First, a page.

Build Instructions, Page 4 / 6
Step 7: Piezo Speaker
Insert speaker SP1 into the marked holes on the board. This part can also go in either way. Carefully bend the legs a little and flip the board over. Solder the connections and trim the legs.
It’s time to check our work before proceeding onto the next step. Check the resistance between the power and ground using the same test points as before. The resistance should still be in the megaohm range. If it isn’t, there is likely a short between some solder joints. Check your work and try again.
Step 8: Adding the microcontroller
The microcontroller only goes in one way. There is a notch on one of the ends. This matches the notch on the white diagram on the board. Insert the microcontroller carefully. If the legs are too spread apart, they can be fixed using a simple technique: You can slightly but uniformly bend the legs by pressing the chip against the table as shown in the photo below.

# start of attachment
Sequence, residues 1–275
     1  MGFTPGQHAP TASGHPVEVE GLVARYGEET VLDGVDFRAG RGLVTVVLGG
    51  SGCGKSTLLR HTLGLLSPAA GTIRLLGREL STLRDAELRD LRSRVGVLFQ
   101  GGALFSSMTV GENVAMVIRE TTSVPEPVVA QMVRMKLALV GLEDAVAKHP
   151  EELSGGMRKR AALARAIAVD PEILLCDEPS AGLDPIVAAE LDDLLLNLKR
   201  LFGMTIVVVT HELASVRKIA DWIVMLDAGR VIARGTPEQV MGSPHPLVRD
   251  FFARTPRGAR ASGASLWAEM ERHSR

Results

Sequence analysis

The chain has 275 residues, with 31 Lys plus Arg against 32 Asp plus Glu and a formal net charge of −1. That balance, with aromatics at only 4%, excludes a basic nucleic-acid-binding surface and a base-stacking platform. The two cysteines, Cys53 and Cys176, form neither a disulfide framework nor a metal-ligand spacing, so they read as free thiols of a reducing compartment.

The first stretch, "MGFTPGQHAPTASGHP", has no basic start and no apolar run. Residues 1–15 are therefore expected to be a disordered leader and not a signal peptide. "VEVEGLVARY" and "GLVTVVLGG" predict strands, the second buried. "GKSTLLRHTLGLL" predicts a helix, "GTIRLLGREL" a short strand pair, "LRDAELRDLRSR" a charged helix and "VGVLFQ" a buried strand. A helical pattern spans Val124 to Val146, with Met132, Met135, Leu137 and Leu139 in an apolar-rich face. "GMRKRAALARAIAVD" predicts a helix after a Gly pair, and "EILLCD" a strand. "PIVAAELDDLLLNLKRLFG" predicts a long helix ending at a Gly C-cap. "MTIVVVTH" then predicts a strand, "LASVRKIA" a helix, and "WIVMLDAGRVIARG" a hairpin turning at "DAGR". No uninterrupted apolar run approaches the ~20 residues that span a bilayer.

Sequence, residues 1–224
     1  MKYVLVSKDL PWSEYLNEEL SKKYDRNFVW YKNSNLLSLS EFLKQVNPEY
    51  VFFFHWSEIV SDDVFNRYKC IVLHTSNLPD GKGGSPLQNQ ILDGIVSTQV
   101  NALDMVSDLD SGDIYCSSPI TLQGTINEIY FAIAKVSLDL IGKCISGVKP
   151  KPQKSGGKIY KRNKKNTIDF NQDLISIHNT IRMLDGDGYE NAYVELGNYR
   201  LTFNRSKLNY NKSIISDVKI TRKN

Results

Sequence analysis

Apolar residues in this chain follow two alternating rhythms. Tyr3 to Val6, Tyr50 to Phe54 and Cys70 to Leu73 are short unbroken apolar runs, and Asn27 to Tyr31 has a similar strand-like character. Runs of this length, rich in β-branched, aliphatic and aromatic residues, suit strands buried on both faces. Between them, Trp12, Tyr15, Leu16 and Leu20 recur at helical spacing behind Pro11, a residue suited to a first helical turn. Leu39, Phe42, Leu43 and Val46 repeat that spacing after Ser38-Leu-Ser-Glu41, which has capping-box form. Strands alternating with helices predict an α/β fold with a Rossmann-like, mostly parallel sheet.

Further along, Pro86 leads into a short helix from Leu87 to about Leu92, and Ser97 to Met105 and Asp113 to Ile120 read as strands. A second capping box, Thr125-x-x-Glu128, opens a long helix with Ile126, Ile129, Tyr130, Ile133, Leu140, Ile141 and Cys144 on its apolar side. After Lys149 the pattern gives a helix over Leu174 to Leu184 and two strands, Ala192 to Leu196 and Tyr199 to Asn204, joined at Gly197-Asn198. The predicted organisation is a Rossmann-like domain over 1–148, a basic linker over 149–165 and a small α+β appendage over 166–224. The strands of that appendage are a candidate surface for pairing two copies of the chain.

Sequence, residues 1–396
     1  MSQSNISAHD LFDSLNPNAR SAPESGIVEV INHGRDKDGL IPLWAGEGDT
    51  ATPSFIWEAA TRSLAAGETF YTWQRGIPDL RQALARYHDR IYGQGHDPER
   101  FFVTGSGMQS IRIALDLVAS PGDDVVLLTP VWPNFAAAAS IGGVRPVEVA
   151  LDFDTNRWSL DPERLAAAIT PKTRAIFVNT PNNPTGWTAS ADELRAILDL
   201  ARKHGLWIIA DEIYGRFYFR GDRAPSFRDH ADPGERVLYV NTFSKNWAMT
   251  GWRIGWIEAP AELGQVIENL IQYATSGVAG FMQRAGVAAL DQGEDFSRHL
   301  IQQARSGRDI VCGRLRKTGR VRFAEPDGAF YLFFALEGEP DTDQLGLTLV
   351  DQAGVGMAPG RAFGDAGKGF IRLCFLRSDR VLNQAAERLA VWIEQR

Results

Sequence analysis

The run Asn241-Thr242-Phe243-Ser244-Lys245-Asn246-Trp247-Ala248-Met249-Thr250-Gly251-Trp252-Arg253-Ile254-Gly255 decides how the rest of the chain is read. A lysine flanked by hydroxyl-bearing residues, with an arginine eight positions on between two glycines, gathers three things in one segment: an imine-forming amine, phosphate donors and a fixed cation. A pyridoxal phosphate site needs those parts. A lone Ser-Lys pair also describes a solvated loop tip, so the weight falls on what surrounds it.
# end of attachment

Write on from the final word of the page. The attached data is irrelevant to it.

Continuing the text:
Insert the microcontroller all the way. Check the resistance: If it’s still high, add the batteries. You should hear a beep, indicating that the microcontroller is working! Take the batteries out. If you don’t hear a beep, remove the batteries and double check your work.
Step 9: More resistors
Place the 1k resistors, labeled with brown-black-red, into the resistor areas labeled R6, R7, R8. Use the white circle to guide their placement into the board. Solder each resistor and trim all the legs.
Step 10: Potentiometer
Next, put the potentiometer into the board, above the label RV1. The potentiometer looks like a little blue cube with a yellow dial on the top, and controls the contrast of the display. Solder and trim the legs.